Prednisone. It’s a double-edged sword. This medication can be an excellent tool to address rheumatoid arthritis (RA) flares, as well as a host of other medical conditions. When a bad flare has sidelined you, prednisone can help you to quickly get back on your feet.
On the other hand, the side effects can be a trip down the rabbit hole. Insomnia, increased appetite (and subsequent weight gain), dizziness, rapid heartbeat, and a host of other physiological side effects. And then there’s the psychological side effects. Prednisone 'roid rage can turn some people from a mild mannered Dr. Jekyll into a raving Mr. Hyde. Irritability, aggressiveness, anxiety, mania, and depression. The higher the dose, the more intense the effects can be. It’s no wonder people in the RA community have given prednisone the nickname Satan’s Tic-Tacs
Given that prednisone can sometimes be a necessary part of treating RA, how do you deal with turning into an emotional basketcase?
Managing mood swings
As with most other medication, your individual mileage may vary in terms of side effects. At the lower 5 mg or so dose prescribed for some people to take continuously on its own or with other DMARDs, mood swings are pretty rare. As the dose increases, so may the side effects and this is where mood swings enter the picture.
Suddenly finding yourself wanting to strangle your spouse because the way they breathe annoys you can be unnerving. This is especially true if you didn’t know it could happen. As with any other difficult situation, being prepared and informed can help you get through it.
Talk to your family and friends about these potential side effects. Ask them to be patient with you while you are taking prednisone. If your loved ones know that your snarling is due to the medication, it’s easier for them to ignore it rather than snarling back. Give them permission to remind you that your feelings might be influenced by the meds. Keeping the lines of communication open will help all of you get through it together.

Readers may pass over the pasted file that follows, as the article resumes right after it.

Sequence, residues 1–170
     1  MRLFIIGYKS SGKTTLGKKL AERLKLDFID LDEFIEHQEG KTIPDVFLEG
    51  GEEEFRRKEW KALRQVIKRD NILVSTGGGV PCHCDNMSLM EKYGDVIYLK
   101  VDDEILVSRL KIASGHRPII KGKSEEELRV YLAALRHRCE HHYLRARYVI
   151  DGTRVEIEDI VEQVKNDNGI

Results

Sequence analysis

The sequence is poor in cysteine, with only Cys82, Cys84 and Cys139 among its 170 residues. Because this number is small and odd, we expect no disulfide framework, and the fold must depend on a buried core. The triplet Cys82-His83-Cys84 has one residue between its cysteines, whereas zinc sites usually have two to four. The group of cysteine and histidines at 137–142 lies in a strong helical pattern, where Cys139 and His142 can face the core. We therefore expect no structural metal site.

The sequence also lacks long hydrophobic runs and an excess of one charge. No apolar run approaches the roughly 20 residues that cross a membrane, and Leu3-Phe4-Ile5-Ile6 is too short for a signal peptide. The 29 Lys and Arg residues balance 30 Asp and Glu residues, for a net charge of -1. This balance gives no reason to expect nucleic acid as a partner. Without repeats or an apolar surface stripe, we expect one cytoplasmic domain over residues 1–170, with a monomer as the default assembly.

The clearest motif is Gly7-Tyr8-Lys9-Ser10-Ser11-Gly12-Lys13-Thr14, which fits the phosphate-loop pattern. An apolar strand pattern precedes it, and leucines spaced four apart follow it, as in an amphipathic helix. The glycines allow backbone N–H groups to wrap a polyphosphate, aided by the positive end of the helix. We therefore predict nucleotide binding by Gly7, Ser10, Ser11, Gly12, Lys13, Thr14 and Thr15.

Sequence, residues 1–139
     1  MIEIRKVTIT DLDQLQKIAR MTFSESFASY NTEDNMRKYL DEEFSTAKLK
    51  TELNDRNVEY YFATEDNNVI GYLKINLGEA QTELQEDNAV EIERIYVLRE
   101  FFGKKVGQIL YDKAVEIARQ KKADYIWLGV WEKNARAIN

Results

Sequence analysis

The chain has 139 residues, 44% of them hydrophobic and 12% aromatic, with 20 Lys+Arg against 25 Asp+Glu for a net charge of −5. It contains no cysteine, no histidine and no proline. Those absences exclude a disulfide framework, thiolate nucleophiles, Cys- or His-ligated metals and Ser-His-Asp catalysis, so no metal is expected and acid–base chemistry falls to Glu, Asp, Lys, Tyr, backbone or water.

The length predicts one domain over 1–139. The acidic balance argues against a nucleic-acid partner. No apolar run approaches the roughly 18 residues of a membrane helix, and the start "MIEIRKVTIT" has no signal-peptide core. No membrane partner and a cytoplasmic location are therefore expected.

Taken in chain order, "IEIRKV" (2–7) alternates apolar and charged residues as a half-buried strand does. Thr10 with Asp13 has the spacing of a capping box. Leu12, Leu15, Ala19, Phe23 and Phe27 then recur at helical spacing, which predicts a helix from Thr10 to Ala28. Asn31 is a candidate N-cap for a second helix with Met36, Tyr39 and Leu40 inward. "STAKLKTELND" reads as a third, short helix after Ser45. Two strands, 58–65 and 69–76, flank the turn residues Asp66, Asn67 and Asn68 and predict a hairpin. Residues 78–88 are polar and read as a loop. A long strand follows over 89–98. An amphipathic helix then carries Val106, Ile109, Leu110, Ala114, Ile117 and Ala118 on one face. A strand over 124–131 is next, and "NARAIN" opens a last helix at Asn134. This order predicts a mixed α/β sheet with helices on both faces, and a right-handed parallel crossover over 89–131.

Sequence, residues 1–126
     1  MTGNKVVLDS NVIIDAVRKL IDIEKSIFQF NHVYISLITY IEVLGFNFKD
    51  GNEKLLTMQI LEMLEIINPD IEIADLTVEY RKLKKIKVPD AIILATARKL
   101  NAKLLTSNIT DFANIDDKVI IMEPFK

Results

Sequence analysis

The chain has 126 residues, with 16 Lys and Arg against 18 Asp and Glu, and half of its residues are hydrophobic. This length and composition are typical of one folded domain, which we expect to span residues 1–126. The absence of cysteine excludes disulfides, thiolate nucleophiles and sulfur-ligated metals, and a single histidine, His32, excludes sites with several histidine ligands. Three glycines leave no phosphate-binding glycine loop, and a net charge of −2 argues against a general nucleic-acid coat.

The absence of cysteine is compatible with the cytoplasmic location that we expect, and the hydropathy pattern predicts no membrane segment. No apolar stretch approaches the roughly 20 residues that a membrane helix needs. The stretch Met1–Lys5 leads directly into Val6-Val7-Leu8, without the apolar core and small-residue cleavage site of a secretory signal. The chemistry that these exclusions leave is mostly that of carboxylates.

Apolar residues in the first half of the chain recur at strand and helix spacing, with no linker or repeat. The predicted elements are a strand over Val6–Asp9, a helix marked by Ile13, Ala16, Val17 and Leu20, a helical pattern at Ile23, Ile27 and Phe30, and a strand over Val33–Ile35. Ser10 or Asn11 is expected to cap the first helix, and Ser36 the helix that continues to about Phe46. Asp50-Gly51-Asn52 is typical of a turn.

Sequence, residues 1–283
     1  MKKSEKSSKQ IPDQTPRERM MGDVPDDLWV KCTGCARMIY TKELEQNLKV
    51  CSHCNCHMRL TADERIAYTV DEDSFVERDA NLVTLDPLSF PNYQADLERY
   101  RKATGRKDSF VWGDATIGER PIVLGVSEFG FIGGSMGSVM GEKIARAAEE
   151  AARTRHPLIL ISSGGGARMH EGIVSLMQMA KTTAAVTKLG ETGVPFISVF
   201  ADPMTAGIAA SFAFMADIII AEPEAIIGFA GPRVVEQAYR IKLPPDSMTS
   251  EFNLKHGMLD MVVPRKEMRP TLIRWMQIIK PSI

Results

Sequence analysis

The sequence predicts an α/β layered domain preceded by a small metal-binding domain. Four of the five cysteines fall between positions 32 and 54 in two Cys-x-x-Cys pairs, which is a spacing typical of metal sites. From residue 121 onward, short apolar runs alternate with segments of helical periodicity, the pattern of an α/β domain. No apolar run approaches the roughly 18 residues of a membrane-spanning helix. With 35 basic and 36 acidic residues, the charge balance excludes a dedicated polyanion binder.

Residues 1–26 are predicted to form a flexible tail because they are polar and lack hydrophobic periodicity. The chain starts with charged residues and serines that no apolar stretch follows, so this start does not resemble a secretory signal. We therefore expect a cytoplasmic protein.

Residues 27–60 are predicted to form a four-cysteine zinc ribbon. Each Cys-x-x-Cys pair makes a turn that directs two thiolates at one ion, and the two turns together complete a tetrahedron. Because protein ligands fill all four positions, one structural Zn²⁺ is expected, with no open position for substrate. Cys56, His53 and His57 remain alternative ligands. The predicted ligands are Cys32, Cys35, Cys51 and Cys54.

Be patient with yourself. These emotions are going to feel very authentic, which can make you extremely uncomfortable. After all, you were calm and loving earlier in the week and now out of the blue, you want to smash all the dishes against the wall. Remind yourself that this is the steroids talking. If necessary, put Post-it notes all over the house to trigger this awareness and call you back from the edge.
Remember that this state is temporary. Prednisone side effects are usually reversible. Once you stop taking it, you become yourself again. Taking a deep breath (or ten) while remembering that there is a time limit to the crazy can be very useful. Allow yourself to ride it out, to hold on, and to make it through until it’s time to stop taking steroids.
Getting off prednisone
It’s important to note that you should never quit prednisone "cold turkey."
Some medications must be tapered in order to prevent withdrawal and steroids is one of those drugs. Tapering off steroids can take a while, as you need time for your body to get used to each new reduced level of medication. Don’t be tempted to rush it for two reasons. One, steroid withdrawal is no fun at all, including symptoms of abdominal pain, diarrhea, low blood pressure and blood sugar, and a host of others. As well, prednisone gives you a feeling of well-being and makes your RA feel much better. Tapering off steroids may cause a bit of an increase in RA activity. Giving your body time to adjust is going to help that, too.
Given these potential side effects, why take steroids at all? As I mentioned earlier, this type of medication is a time-proven tool for the treatment of RA. If a flare has taken over your life, nothing else beats it down faster. When you look at the pros and cons of taking prednisone, controlling the burn of a flare, protecting your body from inflammation, and getting back to living your life weighs heavily in the pro column. Talk to your rheumatologist about your concerns and ask the questions as you need to feel comfortable with prednisone.
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Lene writes the award-winning blog The Seated View. She’s the author ofYour Life with Rheumatoid Arthritis: Tools for Managing Treatment, Side Effects and Pain and 7 Facets: A Meditation on Pain.
Lene Andersen is the Community Leader for HealthCentral’s RA Community. Lene (pronounced Lena) is an award-winning writer, health and disability advocate, and photographer living in Toronto. She’s written several books, including Your Life with Rheumatoid Arthritis: Tools for Managing Treatment, Side Effects and Pain, and 7 Facets: A Meditation on Pain, as well as the award-winning blog, The Seated View. Follow Lene on Twitter @TheSeatedView and on Facebook. Watch her story on HealthCentral.